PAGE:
This website has an intriguing opening page. It kind of looks like a bar chart I would draw at school, but one created with tiny photographs stacked above each other. It immediately draws a viewer in, what does it mean? The page slowly scrolls to the left and it then becomes apparent that the pictures are arranged in date order. When you click on one of the tiny images a larger version appears and text detailing some horrific murder or shocking death appears next to it. Also a map with the exact location of the place appears. Click on the image again and you see a full size image in a blog site. Its quite unusual how you seem to move between what looks like a portfolio site to a blog. There is a huge amount of information on the blog, this is due in part to the disturbingly large amount of murders in the city of Chicago during a three month period. I really like the inclusion of a map detailing exact locations of crimes. This could be something I would include on my own site? The site and blog combo are easy to navigate and the photographs can be viewed at full size on the blog. The concept is very straight forward but fascinating. It feels like a website that you can revisit again and again. Each time you might click on a different day and different photograph (there are so many). The blog has a handy search function that allows the viewer to refine there search to a particular criteria, age for example. Someone who knows the area might even search by name. A slightly depressing project is showcased in a methodical and almost clinical way on a website and blog combo.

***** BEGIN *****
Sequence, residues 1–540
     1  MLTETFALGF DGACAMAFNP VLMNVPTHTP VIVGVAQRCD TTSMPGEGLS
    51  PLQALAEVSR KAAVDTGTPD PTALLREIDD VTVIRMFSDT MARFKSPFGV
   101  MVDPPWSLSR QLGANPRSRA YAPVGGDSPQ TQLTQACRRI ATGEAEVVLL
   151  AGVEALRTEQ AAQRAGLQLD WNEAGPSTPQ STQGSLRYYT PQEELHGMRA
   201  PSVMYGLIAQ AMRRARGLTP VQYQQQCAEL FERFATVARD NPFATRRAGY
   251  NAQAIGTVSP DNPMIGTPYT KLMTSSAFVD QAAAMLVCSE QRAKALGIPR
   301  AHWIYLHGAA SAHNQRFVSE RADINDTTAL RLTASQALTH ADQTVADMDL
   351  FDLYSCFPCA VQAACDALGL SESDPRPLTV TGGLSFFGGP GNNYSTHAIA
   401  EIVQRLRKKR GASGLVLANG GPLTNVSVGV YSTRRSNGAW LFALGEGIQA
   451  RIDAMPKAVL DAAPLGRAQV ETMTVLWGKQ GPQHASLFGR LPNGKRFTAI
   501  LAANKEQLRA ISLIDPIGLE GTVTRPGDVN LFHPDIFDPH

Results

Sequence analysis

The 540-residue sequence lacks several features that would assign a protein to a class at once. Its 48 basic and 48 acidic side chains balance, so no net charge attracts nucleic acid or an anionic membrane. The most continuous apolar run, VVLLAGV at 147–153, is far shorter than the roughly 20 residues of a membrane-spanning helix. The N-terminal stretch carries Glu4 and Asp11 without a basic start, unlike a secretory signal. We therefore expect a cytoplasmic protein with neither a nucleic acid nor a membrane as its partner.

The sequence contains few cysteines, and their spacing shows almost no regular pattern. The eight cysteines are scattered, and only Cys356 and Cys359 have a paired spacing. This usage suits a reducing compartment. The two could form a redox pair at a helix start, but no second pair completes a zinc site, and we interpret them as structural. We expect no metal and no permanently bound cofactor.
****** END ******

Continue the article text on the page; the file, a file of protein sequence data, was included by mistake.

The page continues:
I have been a fan of Simon’s for quite some time. I have his book Motherland which was made when he travelled around Russia with his wife. The book was a combination of portraits and landscape images. I believe he used a Mamiya 7 analogue camera. For We-English he switched to large format and decided to concentrate on Landscapes, Landscapes inhabited by people. This project specific website is an excellent platform for promoting his work made for We-English. His pictures are displayed in large clear slideshow type galleries. It has pages that give information on exhibtions and events, a blog, Roberts CV, a reviews page, and an online shop. The first page includes an introduction to the project and a review by Francis Hogdson. What I found fascinating about the site was an ‘ideas’ page which allows the public to send him detailed information for possible locations that he could photograph in the future (He is letting other people do his research for him!). The layout of the website is quite simple really with links at the top of the page allowing the photographs to be displayed in a larger space. Simon’s work is impeccable and it is the pictures that make this website really stand out.
I am doing a lot of my research for this course on my ipad. This site does not open on my ipad due to its reliance on flash media, this is a big fail I’m afraid. Ipads and Iphones are prelific and if your website is not viewable on these devices it is a big problem.